Pushing through wage increases and rising operating costs, BJ’s Restaurants finished the second quarter with positive results yet again. The quarter began softly for the polished casual chain—executives attributed the slow start to bad weather in different markets and avocado inflation. However, menu promotions and an initiative to upgrade kitchens across the system paid off in the end. Same-store sales remained consistent with last quarter’s results, increasing 2 percent during Q2 2019, announced July 26.
BJ’s rolled out a variety of new dishes—tri-tip sirloin entrees, combination plates, along with the Philly cheesesteak sandwich and Tri-Tip Sliders—over the last quarter, which have played well with customers and contributed to higher check.
Check averages rose 3 percent this quarter, compared to a 1.7 percent increase during Q1. The jump aligns with the company’s goal to grow averages 2.5–3 percent, which BJ’s chief executive officer Greg Trojan outlined during an earlier conference call.
The introduction of the Tri-Tip dishes and related promotions didn’t have the same impact on check growth to start the year as it did during Q2, Trojan said during the company’s quarterly review. The Tri Tip entrees now represent one of the most popular categories on the menu. Trojan believes the company found a balance when it comes to promotions, which has contributed to guests spending more, and it will continue to move away from strictly discounting items. Now the goal is to drive more traffic to restaurants after experiencing only 0.7 percent growth during Q1 followed by a 1 percent decrease in Q2.
“In order to achieve our 3 percent comp sales objective, we plan to focus on our value oriented traffic and check building menu additions, growing our off-premises sales, and continuing to drive promotion and discounting efficiency while maintaining our strength in traffic,” Trojan said.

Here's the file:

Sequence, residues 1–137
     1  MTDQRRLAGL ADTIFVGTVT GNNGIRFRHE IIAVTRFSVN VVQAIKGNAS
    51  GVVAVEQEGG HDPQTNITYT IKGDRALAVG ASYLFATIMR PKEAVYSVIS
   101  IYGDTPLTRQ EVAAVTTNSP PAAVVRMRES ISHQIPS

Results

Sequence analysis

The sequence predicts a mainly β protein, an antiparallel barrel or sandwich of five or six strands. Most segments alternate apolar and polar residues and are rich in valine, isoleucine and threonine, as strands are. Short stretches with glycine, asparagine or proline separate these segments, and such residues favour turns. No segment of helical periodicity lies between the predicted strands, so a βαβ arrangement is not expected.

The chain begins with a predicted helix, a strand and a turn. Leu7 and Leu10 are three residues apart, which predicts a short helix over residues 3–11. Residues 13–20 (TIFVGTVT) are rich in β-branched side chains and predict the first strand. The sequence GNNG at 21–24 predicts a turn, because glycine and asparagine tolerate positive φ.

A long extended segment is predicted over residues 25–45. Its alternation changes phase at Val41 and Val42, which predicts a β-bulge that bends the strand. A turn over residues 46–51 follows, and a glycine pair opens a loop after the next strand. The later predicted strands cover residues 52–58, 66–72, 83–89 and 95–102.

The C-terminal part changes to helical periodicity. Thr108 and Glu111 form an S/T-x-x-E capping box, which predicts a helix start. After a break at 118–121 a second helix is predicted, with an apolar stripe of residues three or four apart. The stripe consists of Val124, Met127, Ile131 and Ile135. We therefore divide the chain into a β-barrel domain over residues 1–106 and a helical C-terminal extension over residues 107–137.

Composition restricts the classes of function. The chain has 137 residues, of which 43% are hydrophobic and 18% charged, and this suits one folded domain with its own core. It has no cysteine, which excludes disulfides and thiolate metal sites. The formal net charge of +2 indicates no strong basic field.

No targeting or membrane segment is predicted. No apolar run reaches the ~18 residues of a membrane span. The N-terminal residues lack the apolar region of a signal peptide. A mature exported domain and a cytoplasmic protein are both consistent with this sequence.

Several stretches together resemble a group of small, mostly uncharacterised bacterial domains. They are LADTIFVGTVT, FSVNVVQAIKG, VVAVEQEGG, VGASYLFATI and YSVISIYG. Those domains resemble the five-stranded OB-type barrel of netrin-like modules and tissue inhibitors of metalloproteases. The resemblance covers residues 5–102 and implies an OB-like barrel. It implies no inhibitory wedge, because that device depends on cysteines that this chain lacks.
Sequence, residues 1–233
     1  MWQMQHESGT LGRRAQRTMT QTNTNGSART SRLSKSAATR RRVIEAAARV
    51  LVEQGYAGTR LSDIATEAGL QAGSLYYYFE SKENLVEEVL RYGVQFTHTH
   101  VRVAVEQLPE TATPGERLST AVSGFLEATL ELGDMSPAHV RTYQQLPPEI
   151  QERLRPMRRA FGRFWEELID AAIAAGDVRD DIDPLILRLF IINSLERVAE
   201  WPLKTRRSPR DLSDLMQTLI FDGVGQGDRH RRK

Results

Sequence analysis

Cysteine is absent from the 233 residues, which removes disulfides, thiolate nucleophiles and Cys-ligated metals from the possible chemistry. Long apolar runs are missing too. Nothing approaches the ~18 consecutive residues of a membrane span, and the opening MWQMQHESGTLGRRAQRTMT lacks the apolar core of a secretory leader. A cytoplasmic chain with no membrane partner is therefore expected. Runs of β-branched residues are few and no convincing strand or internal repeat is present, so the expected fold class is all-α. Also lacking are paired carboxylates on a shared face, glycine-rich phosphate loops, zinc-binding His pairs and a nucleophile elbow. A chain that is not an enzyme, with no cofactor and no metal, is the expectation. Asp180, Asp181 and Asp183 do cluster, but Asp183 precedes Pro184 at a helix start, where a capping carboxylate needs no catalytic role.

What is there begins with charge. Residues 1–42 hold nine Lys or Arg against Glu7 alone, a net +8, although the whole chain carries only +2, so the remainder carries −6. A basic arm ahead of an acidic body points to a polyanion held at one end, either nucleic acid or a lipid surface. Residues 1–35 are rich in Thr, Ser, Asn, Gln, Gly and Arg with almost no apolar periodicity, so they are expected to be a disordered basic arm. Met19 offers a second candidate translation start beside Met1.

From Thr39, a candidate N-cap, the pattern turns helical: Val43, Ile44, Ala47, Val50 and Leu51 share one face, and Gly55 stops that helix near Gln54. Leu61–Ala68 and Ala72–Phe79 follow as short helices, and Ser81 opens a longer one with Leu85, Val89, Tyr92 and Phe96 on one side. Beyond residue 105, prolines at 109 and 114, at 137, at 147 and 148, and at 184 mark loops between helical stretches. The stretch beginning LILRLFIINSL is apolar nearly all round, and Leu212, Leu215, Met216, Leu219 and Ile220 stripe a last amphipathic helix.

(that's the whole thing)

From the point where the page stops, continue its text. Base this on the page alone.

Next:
By adding the Tri-Tip entrees to the Brewhouse Special lineup, guests have the opportunity to get a value meal on a Thursday night. Other specials include 50 percent-off large pizza Monday and $3 Pizookie Tuesday deals.
“When we look at our Brewhouse Specials they’ve continued to perform well for us,” BJ’s CFO Gregory Levin said. “I was just looking at our Pizookie incident rate and frankly that number was flat with a year ago. That tells you that our guests are still liking it.”
The Brewhouse Specials are a strong contributor to transaction growth, but that doesn’t mean other areas of the menu are being ignored. Higher priced entrees, like prime rib, which is only available on the weekend, continue to perform well along with the brand’s lineup of healthier items, like zoodles, which aren’t included in the specials.
“We’re still seeing good popularity,” Trojan said. “Brewhouse Specials are not losing momentum. In fact, I would say our mid-week sales performance is stronger due to Brewhouse Specials. If there’s a softness day of the week-wise, it’s been more on the weekends than during the week and I think the value offerings of Brewhouse Specials and happy hour during the week are really helping keep it healthy.”
Investments in menu innovation, upgrades to the kitchen, and infrastructure to accommodate the growing off-premises part of the business has put a lot on the plate for operators, Trojan said. These initiatives are important for the brand, however, if it wants to stay competitive with other casual dining chains. “[There’s] still room for improvement, of course, but we continue to build greater separation in terms of guest experience versus our competition,” Trojan said.
On average, each restaurant spent about 125 hours completing the kitchen reorganization that was rolled out last quarter. At the end of Q2, between 160–170 locations—or about 80 percent of the system—were operating with the Gold Standard Kitchen System. Levin expects the whole fleet to be updated by the end of July.
After evaluating existing processes, including ordering, storage, and prep work, the new system was developed to eliminate inefficiencies in the kitchen. The new layout optimizes processes for in-house operations and allows restaurants to expand off-premises business.
“Our gold standard kitchen systems are creating a new level of kitchen organization and process driving even better food quality and speed while as importantly making our kitchens more satisfying places for our team members to work,” Trojan said. “While our investments in training and labor came at a somewhat difficult time given the wage pressures we’re facing, we believe we’re making this investment at exactly the right time.”
“[There’s] still room for improvement, of course, but we continue to build greater separation in terms of guest experience versus our competition,” BJ’s chief executive officer Greg Trojan said.